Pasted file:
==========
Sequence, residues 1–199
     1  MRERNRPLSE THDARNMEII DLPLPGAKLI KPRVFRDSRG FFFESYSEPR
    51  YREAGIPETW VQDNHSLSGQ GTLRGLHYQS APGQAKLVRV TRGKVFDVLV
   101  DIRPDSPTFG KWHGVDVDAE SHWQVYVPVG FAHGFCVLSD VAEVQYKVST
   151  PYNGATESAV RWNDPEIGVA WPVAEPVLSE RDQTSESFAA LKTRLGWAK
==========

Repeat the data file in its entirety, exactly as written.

Sequence, residues 1–199
     1  MRERNRPLSE THDARNMEII DLPLPGAKLI KPRVFRDSRG FFFESYSEPR
    51  YREAGIPETW VQDNHSLSGQ GTLRGLHYQS APGQAKLVRV TRGKVFDVLV
   101  DIRPDSPTFG KWHGVDVDAE SHWQVYVPVG FAHGFCVLSD VAEVQYKVST
   151  PYNGATESAV RWNDPEIGVA WPVAEPVLSE RDQTSESFAA LKTRLGWAK